Our childhood stories tell us about happy ever afters, knights on white horses rescuing damsels in distress and fairies that grant you your greatest wish. Society tells us that being successful is to obtain the perfect nuclear family, have a wife that looks like a Barbie doll, a husband that looks like GI Joe and kids so sweet they could be extras on Little House on the Prairie. Of course don’t forget the big shiny car and a home with a private bathroom for each inhabitant and a pool in the backyard. So what happens when, after striving for this perceived ideal all your life, it turns out to be a crock of shit and your reality at the age of 39 is that you’re in recovery from every addiction known to man, your GI Joe turned out to be the Incredible Hulk and you’re blindly trying to raise two children alone while attempting to keep your intensely confused, slightly psychotic self in order?
Well from my experience, what you do is you suck it up, accept that knights and happy ever afters are not for you and make the best of it. I suppose you could say that up until age the age of 35, I expected my life to be a fairytale. Good and magical things were supposed to happen, right? I mean I’m a damsel, I’ve had my fair share of scary dragons to be rescued from and I’ve seen lots of white horses around. I know I’m no Barbie—perhaps more of an overfed Jennifer Lopez—but I’ve got my good points. So where the heck is my knight?
And so came recovery and my departure from fairytale-deluded damsel to reality check chick. Yep, I heard it loud and clear from day one. I heard it so loud that there were days it echoed in my head and was so disturbing it had the same effect as someone standing beside me constantly scraping their nails down a blackboard. The truth of this world for me is that nobody is responsible for my happiness, achievements, choices, success or lack thereof except little old me. No amount of ass-wiggling, lip pouting or cleavage showing is going to make a knight jump on a horse to come save me. And in the unlikely event that he does, there will always be some other damsel for him to ride off in the sunset with after sweeping her up on his stallion (lesson learned: beware of the rescuer type).
Yet as much as I kicked and screamed in early recovery to have someone come fix my messy life, sooth my broken heart and wipe my fevered brow, I eventually had to give in and become my own rescuer. This is referred to as surrender. How I hate that word; it grates against my stubbornness and feeling of entitlement. But despite my tantrums and protests, there were a multitude of amazing people there to give me guidance and teach me that the 12 steps were not hanging on the wall for decoration but there to keep me sane and sober. And to my amazement, there were people who cared enough to help me when I fell off my white horse and couldn’t quite manage to get myself back up on the saddle. Indeed, I still have times when riding that white horse becomes difficult; I slip off and end up being dragged around with my foot caught in the stirrup. Thankfully, those same people are there to gently push me back up; when I let them.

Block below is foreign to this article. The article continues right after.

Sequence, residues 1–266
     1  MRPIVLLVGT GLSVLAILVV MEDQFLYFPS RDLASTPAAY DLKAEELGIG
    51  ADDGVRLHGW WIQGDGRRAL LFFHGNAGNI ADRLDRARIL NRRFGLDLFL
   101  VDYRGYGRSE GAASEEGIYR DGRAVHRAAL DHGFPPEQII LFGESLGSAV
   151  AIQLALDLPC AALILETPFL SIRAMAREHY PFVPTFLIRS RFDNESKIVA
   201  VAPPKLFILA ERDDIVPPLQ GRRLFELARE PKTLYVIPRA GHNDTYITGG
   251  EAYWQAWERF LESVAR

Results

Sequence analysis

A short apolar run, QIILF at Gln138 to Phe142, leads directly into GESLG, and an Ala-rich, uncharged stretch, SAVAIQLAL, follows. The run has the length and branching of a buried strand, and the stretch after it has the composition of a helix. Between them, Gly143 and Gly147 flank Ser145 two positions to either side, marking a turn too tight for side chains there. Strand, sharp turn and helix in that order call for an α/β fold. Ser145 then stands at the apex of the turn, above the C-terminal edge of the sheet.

There are countless tools to choose from in the recovery process—most of them free—but all are useless if I’m not willing to use them. There was and is no spoon feeding in recovery for me—just hard ass work and the realization that living in denial will ultimately leave me miserable and probably back out drinking and using. But even though the work to rectify my lost self is hard and ridiculously painful, after four years I’m definitely seeing the results in a way I hadn’t expected.
I’m still nowhere near having the shiny car or pool in the backyard, nor will I ever look like Barbie. But you know what? That stuff is totally irrelevant to me now. I have found a depth to life and living that was a complete mystery to me from the time I started drinking at 13. I knew that there was something more than I could see before then but I stopped believing in the true essence of life pretty quick. Yes, past nasty experiences added up to the loss of that belief in life and subsequent nasty experiences enabled me to stay in my drunken haze. But today, on my last day of being 38 and four days away from my fourth sober anniversary, I can safely say that I’m regaining my zest for real life. More importantly, though, I’m regaining my zest for being the authentic me. As unpopular as it is in some circles to talk about spirituality being a valid treatment for addiction, I can tell you that it’s spirituality that got me here and continues to work for me. I view all of my 12-step work as spiritual, including the connection I have developed with others in the program, the meetings, the conversations, the feeling inside a recovery room, my ability to not pick up and the true me I come to know from being present.
I’m affectionately known to a particular person as an Irish Warrior Princess. It’s still a bit fairytale-ish for someone who’s lost faith in Happy Ever Afters but at least these days I’m stepping up to the challenges, fighting my own battles, telling my own story and doing it all with my own sword.